My rating: 3 of 5 stars
I saw quilts made with this design at the San Mateo County Fair. One in particular, a black and white with turquoise beauty, grabbed my attention and inspired me to want to make one. From reading the first few pages, I thought that learning this technique might be better in a class than through a book. Towards the end, I got the idea and feel I could make some blocks using the book as a guide.
The book starts with a short introduction and some information on tools, supplies and fabric. This introduction makes it clear that quiltmakers will be sewing curved seams. Sisneros gets me on her side by admitting that the Winding Paths block is actually, historically, called The Snake Tail block and explains why she changed it for her purposes. I appreciated her honesty and her reasoning.
The project part of the book follows the introduction with making the original Winding Paths block. All the blocks in the book start with this block. Sisneros goes over trimming the block including her Secret of 4 and 6, which is actually a helpful tip that makes sense.
The project section of the book is, first, broken down into numbers of blocks- 12, 20, 36, etc for the original Winding Paths block. In this section, one thing I like is that she gives you the tools to make the quilts (teaching how to make the blocks), but then just shows what is possible when making the quilt. She doesn’t give every step for every quilt and she acknowledges that it is impossible to make an exact duplicate of her quilt. She makes the quiltmaker think a bit and I appreciate her assumption that quiltmakers have brains. Cutting directions and fabric requirements are included for the quilts in the Winding Paths block section.
The information on making the Circle Pizzazz block is a little less clear. I believe, from the images that the maker sews the D-E combination to the A block after it is made. This specific instruction seems to be left out, but makes sense from looking at the photos and the rest of the directions as well as the result.
The making of the Circle Pizzazz block section is, again, followed by a series of projects using this new block. It was a little hard for me to understand where to put fabrics I wanted to show up as a focus or featured fabric. The line drawings made this part easier. This section also has fabric requirements and cutting instructions.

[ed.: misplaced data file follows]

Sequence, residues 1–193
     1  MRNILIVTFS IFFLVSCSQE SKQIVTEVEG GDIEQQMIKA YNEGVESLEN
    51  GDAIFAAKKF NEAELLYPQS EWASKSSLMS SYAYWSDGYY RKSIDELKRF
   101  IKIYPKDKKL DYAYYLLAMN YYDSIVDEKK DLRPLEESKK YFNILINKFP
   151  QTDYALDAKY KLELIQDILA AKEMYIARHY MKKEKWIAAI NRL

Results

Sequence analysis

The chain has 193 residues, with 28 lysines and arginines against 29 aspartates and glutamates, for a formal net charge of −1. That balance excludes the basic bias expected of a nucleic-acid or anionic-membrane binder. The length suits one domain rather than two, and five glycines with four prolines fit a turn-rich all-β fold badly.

I think that with all that curved piecing, I would want the piecing to stand out more and, thus, would use more contrasting fabrics. Ms. Sisneros’ quilts often have blendy fabrics that obscure the piecing. This might be a good strategy as you get better at the technique, but it is difficult to see the piecing when you are a beginner. There are a number of quilts on Google (type in snake tail quilt) so you can see the original block.
The Circle Pizzazz blocks are followed up with the Interlocking Circle Pizzazz block. This block adds a few more pieces to get a different look. The directions for the block are followed by projects. This book has plenty of illustrations and images, which makes understanding the concepts easier.
The book also includes a section on using the leftover pieces cut away when making the three other blocks. It is a nice idea as some quiltmakers might consider the cutaway pieces waste. I wasn’t particularly enamored with any of the projects shown. Of course, it all depends on the fabric, so YMMV.
I received this book as a gift in eBook form. I was excited because I didn’t have to devote my non-existent shelf space to another book. I started reading the book and also realized I couldn’t make copies of or print out the templates either. I will try a few things and see what works, but I can see this being a problem with the eBook version.
The book includes a gallery of student work. Transparency by Jeanette Pohl is one of my favorites. I like the way the background shows through some parts of the quilt.
The quilt I first saw and liked turns out to be in the gallery. It is by Rose Marie Hackett and called Black, White & Blue By You. The turquoise goes so well with the black and white and the combination really shows off the pattern.
Trails of Confusion by Teresa Williams is also very interesting, because of how the center pattern continues, partially, out into the border.
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